Stir bar sorptive extraction (SBSE) is a relatively new technique for concentrating trace components of aqueous samples before analysis. It has become a well-established technique for which hundreds of applications have been proposed.
In SBSE, magnetic stir bars from 10 to 40mm long are coated with the sorbent polydimethylsiloxane (PDMS). To extract the analytes, the stir bar is added to a sample volume of 10 to 250 ml and stirred magnetically for 30 to 60 minutes or longer. Then the stir bar is removed, rinsed with ultrapure water, dried and back-extracted by liquid (LD) or thermal desorption (TD). TD can be used to introduce the sample directly into a GC or GC-MS. LD can be used in conjunction with e.g. GC, HPLC or capillary electrophoresis. SBSE can also be incorporated as one step in a series of sample pre-treatment stages.
The proportion of any analyte collected on the stir bar is a function of its partition between PDMS and the aqueous sample. PDMS is a non-polar silicone and partition coefficients have been found to be similar to those between octanol and water. The theoretical recovery can be calculated in many cases. The technique is most effective for non-polar analytes with partition coefficients greater than 1000. Systematic assays must be carried out to set up the method.
Initial assays using ultrapure water spiked with the components of interest to confirm the analytical behavior are followed by optimization of the volumes of sample and PDMS coating, which affect the equilibrium, and stirring time and speed, which affect the kinetics. Temperature, pH and ionic strength can also be important in some cases and can be controlled or modified if required.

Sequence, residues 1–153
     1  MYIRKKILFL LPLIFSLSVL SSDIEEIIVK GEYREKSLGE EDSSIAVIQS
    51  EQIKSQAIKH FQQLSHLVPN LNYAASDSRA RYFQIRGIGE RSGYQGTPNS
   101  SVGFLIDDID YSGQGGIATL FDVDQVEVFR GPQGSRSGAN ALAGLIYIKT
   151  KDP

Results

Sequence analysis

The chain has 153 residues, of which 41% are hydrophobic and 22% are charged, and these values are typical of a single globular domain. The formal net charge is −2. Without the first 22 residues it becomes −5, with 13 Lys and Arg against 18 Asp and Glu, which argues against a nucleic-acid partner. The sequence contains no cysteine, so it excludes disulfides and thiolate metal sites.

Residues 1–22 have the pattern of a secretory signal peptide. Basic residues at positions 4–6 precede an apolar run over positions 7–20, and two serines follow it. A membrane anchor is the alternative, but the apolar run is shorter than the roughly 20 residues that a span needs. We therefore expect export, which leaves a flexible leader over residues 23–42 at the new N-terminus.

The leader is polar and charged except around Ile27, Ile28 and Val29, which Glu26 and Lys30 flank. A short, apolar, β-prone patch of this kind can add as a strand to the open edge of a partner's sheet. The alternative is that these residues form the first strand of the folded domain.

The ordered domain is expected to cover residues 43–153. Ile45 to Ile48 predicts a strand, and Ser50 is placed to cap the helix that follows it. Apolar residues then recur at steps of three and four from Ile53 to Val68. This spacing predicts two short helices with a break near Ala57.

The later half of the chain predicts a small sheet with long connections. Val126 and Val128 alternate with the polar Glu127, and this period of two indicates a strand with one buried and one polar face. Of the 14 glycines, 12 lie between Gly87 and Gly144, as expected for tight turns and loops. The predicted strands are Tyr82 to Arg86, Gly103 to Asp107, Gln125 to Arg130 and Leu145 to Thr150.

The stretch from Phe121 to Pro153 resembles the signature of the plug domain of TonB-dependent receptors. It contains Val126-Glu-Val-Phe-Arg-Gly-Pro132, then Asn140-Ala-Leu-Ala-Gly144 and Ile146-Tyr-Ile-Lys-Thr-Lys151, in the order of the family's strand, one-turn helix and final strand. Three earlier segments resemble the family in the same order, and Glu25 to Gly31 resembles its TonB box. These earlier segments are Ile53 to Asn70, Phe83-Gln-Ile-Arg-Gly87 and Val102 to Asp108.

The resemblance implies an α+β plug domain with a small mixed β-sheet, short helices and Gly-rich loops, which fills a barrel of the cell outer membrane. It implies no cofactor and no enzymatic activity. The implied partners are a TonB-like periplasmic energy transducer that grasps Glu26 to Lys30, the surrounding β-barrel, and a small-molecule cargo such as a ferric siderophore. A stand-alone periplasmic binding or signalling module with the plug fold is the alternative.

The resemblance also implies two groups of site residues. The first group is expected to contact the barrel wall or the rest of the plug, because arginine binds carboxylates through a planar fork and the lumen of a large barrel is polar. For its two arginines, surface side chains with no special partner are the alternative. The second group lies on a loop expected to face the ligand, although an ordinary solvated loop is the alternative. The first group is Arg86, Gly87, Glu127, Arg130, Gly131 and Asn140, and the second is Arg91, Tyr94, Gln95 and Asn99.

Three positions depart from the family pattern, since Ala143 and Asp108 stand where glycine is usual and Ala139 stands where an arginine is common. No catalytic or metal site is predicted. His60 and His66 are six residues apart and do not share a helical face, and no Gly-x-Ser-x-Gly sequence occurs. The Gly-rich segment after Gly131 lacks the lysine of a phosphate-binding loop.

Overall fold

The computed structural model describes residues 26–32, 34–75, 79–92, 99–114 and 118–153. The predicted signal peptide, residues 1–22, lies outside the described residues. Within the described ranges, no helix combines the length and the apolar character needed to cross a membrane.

Clearly, a major advantage of SBSE is its simplicity and low cost, once a method is established. Very high concentration factors are possible. It also has a significant benefit in that samples can be concentrated on-site and analyzed later in the lab minimizing the risk of degradation.
Applications abound. Environmental samples of water, air, and solids have been analyzed for semi-volatile compounds by GC; flavor, fragrance, off-odors and contaminants in food have been measured along with allergens and leachables in consumer products and a range of materials in biological fluids. Detection limits below 0.1 ng/L can be reached in the selected ion monitoring mode for many compounds.
An example is shown below, where the compounds causing a complaint about the musty odor in drinking water were identified at ultra-trace levels as 2-methylisoborneol (MIB), 2,4,6-trichloroanisole (2,4,6-TCA) and Geosmin.
Recent applications reported this year include plastic additives in urine, triazines in environmental samples, volatile compounds in grapes and tea and polychlorinated biphenyls in soils and sediments.
SBSE can achieve very high concentration of ultra-trace impurities. This in turn requires any water used during the process, from rinsing vessels and stir-bars to dilution of samples to reduce matrix effects and preparation of standards and blanks, to be of the highest purity. In particular, organic impurities should be at the lowest possible levels.
Dr Paul Whitehead
After a BA in Chemistry at Oxford University, Paul focused his career on industrial applications of chemistry. He was awarded a PhD at Imperial College, London for developing a microwave-induced-plasma detector for gas chromatography. He spent the first half of his career managing the analytical support team at the Johnson Matthey Research/Technology Centre,specialising in the determination of precious metals and characterising applications such as car-exhaust catalysts and fuel cells. Subsequently, as Laboratory Manager in R&D for ELGA LabWater, he has been involved in introducing and developing the latest water purification technologies. He now acts as a consultant for ELGA.